Chad: Unofficial War, Officially Over, Sort Of


February 10, 2006: The peace deal with Sudan requires that both countries deny support for each others rebels, and halt raids across the border. This includes stopping the information war campaigns (propaganda and media support for rebels in the other nation). The border may be closed for a while. There is supposed to be a peacekeeping force to patrol the border, but it's unclear who would pay for, or supply, the troops.

February 8, 2006: In a deal brokered by Libya, Chad and Sudan agreed to end the war between them. Details on how this would occur were not announced.

February 7, 2006: Foreign aid workers report almost daily raids into Chad by Sudanese (including Chadian rebels based in Sudan). The raiders loot and destroy villages and rape women.

January 27, 2006: A flare up of rebel activity in neighboring CAR (Central African Republic), has sent over a thousand refugees into Chad. The CAR rebels are operating more like bandits, although they still profess support for their leader, a former president of CAR.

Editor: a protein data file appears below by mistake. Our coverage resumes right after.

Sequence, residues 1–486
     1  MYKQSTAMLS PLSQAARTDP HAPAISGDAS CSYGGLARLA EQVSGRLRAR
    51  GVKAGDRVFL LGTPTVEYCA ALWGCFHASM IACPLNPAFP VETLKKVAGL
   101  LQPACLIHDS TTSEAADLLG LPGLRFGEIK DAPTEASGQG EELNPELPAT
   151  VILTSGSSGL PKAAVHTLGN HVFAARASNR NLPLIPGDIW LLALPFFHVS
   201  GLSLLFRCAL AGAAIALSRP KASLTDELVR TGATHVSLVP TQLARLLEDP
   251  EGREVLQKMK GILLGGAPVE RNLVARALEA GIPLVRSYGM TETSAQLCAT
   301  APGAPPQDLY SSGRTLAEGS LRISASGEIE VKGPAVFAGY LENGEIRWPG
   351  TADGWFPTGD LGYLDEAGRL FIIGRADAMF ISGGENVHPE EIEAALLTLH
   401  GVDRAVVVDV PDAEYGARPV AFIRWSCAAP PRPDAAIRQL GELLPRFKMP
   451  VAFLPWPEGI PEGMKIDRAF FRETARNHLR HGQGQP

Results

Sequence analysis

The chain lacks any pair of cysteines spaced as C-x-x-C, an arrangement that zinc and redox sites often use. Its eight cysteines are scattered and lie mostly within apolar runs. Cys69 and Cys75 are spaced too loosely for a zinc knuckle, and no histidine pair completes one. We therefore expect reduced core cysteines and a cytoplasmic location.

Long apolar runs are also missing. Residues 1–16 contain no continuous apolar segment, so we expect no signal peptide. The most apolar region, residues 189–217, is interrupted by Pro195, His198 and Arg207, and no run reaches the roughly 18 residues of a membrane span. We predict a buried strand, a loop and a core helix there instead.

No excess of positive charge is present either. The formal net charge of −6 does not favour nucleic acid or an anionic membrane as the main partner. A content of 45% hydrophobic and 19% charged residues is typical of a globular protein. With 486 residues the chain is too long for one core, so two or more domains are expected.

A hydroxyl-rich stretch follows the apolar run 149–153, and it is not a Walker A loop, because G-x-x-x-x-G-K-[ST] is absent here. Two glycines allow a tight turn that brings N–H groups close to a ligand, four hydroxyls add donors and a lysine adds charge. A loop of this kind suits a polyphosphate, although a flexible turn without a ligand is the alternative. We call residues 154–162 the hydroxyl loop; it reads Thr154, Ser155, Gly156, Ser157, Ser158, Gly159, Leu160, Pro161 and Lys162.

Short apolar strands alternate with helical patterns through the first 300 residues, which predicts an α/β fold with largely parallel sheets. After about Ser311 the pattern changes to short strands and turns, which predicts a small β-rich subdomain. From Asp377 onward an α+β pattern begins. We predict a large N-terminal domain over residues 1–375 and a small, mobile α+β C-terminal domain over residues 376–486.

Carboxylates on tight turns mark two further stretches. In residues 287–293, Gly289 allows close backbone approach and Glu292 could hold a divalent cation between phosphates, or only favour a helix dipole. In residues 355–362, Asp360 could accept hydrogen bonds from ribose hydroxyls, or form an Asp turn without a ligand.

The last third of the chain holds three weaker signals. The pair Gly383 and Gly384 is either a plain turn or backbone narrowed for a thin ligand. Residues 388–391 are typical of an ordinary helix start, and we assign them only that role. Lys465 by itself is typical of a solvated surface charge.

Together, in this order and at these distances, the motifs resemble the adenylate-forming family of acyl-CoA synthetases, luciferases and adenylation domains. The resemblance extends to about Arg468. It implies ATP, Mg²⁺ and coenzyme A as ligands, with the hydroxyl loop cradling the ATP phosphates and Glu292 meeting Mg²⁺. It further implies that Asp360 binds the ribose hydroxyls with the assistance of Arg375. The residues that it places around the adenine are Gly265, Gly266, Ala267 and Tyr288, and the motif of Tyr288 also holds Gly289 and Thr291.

January 24, 2006: Libya has offered to mediate the dispute between Chad and Sudan.

January 20, 2006: Sudan has arrested Chad rebel leader Abdelwahit About. The Chadian rebel was in Sudan's capital, believing he was protected by the Sudanese government. He was wrong.

January 13, 2006: The World Bank has frozen Chad's access to profits from oil production in Chad. This is because Chad just passed a law giving the government access to a portion of those profits that were set aside for spending on long term projects to eliminate poverty in Chad. Setting up that fund was a condition of the World Bank approving the $3.7 billion in loans needed to build an oil pipeline out of Chad. So far, the government has earned $399 million, from the export of 134 million barrels of oil. The government wants more of that money to go towards military spending and pay offs (corruption) to politicians. The World Bank wants more spent on schools, health care and infrastructure.

January 12, 2006: The government says that, in the last two years, 600 Chadians have died from raiders coming from Sudan, and that 300,000 Sudanese refugees are taking refuge in Chad.




Help Keep Us From Drying Up

We need your help! Our subscription base has slowly been dwindling.

Each month we count on your contributions. You can support us in the following ways:

  1. Make sure you spread the word about us. Two ways to do that are to like us on Facebook and follow us on Twitter.
  2. Subscribe to our daily newsletter. We’ll send the news to your email box, and you don’t have to come to the site unless you want to read columns or see photos.
  3. You can contribute to the health of StrategyPage.
Subscribe   Contribute   Close